November 23, 2016
With only days remaining before its implementation, a federal court judge issued a nationwide preliminary injunction on November 22, 2016, to delay the U.S. Department of Labor’s regulation changes in the Fair Labor Standards Act (FLSA). These regulation changes would have increased the minimum salary levels for certain positions exempt from the FLSA’s overtime and minimum wage provisions, also referred to as the “white collar exemptions.” The most controversial change would have increased the minimum salary level for executive, administrative and professional exempt positions to $47,476 ($913 per week) from the current amount of $23,660 ($455 per week). For now, businesses subject to the FLSA must maintain a holding pattern and await future court or legislative action on the FLSA regulation changes.
This preliminary injunction is the result of several states filing a lawsuit in a Texas federal court, entitled State of Nevada et al. v. U.S. Department of Labor, Civil Action No. 4:16-cv-00731-ALM, challenging certain provisions in the FLSA rules. The states argued that employers would incur substantial economic harm if forced to dramatically increase the minimum salary levels for their exempt positions. A preliminary injunction is a temporary mechanism used by parties in a lawsuit to maintain the status quo pending the outcome of the case. Parties seeking an injunction must establish, in part, that the party seeking relief would suffer irreparable harm without the court’s immediate intervention.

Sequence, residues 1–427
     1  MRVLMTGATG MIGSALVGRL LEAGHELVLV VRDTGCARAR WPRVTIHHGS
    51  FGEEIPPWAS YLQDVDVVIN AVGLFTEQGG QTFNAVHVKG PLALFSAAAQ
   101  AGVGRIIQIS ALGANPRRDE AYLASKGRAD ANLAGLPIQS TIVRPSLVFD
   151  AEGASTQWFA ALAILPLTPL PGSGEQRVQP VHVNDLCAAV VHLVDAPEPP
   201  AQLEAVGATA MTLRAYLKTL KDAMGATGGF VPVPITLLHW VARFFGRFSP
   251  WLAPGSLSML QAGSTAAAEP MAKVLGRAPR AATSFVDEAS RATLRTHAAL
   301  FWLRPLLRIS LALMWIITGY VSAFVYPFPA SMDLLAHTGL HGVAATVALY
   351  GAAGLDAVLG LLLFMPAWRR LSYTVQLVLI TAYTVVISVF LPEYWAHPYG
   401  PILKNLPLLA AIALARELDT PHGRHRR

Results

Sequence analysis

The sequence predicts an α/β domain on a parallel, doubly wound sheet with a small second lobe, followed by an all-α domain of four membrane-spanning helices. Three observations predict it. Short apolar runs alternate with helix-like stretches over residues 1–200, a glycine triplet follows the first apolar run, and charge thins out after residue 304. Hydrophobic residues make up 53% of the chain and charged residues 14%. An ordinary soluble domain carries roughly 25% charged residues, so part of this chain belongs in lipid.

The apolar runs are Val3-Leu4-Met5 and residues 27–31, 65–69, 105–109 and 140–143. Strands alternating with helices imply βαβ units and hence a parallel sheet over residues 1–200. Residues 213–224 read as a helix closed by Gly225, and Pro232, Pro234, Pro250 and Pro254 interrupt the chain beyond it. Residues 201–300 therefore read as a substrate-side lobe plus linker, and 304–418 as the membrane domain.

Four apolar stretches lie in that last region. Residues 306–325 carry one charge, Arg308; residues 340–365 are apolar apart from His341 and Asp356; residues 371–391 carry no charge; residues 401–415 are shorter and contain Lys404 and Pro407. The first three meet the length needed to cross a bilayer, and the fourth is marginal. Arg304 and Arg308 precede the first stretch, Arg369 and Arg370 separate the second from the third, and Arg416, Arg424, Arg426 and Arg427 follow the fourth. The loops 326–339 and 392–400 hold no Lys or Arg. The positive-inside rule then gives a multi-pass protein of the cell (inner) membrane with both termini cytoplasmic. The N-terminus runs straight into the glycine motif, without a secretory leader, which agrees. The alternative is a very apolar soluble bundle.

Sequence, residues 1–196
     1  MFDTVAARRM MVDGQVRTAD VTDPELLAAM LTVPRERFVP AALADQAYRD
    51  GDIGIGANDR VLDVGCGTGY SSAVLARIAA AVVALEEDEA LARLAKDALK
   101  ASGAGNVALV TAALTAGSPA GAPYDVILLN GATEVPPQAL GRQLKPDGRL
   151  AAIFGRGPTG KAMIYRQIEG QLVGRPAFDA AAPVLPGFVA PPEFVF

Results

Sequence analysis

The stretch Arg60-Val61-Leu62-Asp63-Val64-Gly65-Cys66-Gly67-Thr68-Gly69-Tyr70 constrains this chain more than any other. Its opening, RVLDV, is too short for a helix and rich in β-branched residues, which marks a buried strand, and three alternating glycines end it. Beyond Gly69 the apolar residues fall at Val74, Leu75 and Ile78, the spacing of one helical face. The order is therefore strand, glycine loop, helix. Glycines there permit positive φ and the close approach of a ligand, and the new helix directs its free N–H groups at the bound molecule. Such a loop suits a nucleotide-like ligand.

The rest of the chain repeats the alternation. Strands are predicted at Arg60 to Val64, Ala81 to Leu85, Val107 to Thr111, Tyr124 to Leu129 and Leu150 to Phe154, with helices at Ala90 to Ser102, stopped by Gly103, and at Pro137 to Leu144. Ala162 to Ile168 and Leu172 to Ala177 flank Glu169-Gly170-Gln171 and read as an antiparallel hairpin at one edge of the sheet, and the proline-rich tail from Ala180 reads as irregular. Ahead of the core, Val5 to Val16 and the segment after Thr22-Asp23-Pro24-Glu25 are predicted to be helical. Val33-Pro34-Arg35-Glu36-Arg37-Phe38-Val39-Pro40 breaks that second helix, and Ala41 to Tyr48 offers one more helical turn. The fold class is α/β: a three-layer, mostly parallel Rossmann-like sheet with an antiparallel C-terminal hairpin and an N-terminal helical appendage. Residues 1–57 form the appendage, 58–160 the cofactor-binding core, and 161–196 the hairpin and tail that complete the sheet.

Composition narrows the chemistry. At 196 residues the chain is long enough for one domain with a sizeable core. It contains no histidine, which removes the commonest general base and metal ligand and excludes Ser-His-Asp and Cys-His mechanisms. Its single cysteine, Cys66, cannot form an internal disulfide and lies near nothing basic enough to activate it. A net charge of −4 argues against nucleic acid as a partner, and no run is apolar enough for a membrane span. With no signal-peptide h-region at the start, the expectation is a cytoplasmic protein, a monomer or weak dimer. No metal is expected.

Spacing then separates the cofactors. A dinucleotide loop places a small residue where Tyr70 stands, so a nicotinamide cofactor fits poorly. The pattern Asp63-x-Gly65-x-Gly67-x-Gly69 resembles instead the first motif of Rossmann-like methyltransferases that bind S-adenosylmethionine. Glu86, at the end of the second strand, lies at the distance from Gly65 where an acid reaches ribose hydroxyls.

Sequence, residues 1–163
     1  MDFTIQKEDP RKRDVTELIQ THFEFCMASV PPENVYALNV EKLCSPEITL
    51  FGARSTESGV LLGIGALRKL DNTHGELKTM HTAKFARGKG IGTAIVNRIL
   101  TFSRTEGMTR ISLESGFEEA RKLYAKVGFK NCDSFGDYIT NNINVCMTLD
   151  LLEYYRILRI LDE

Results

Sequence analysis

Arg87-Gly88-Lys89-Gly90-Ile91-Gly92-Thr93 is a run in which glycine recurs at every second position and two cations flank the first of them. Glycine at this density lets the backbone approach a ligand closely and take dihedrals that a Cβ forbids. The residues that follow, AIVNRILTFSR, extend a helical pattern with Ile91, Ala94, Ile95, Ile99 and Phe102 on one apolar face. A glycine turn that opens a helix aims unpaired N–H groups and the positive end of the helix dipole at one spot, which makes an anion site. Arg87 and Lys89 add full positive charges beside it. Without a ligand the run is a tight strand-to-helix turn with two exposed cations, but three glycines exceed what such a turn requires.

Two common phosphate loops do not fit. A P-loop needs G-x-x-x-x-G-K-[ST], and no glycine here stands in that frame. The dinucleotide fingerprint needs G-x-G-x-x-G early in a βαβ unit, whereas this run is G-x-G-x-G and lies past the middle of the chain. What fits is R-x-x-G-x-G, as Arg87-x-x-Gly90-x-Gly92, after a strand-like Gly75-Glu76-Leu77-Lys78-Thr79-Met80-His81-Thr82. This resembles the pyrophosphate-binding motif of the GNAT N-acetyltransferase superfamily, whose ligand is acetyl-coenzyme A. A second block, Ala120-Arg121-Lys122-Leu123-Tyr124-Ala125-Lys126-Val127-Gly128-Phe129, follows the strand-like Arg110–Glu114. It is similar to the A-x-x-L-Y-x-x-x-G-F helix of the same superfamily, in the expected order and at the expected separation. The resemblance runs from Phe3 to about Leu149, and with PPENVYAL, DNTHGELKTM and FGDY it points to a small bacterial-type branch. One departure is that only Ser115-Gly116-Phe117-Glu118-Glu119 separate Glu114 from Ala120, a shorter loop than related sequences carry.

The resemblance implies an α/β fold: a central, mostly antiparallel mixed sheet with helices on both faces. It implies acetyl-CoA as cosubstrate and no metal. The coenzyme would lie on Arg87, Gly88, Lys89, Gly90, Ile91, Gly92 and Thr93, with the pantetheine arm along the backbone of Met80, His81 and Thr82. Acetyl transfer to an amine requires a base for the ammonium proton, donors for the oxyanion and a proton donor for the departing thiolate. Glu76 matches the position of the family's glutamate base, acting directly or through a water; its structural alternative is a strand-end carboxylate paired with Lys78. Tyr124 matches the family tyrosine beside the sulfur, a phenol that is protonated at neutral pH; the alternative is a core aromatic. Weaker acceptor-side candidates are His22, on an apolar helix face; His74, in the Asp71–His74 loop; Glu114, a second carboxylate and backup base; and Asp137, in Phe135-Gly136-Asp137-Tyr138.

As a brief overview, the FLSA requires that employers subject to this law pay their employees minimum wages and overtime for any hours worked over forty hours in a regular work week. Certain FLSA regulations contain exemptions from these minimum wage and overtime requirements for positions classified by the employer as executive, administrative, professional and computer positions. These employees’ positions are referred to as “exempt” because they are exempt from the FLSA’s overtime and minimum wage requirements. However, to qualify for this exemption, the employer must establish certain criteria: (1) the salary level test; (2) salary basis test; and (3) the duties test. If an employer cannot meet all three criteria, it is ineligible for the exemption.
This temporary injunction means that the FLSA rule changes will not take effect on December 1st, but the changes may be implemented in the future depending on the outcome of the case or any future legislative action. The Department of Labor is considering its legal options to challenge this injunction. For now, businesses, governmental entities, and non-profit organizations subject to the FLSA do not need to implement the changes in the salary levels of their exempt employees, but these organizations should consult with an employment attorney to determine the best course of action during this waiting period or if they have already made changes to their exempt employee’s positions or salaries.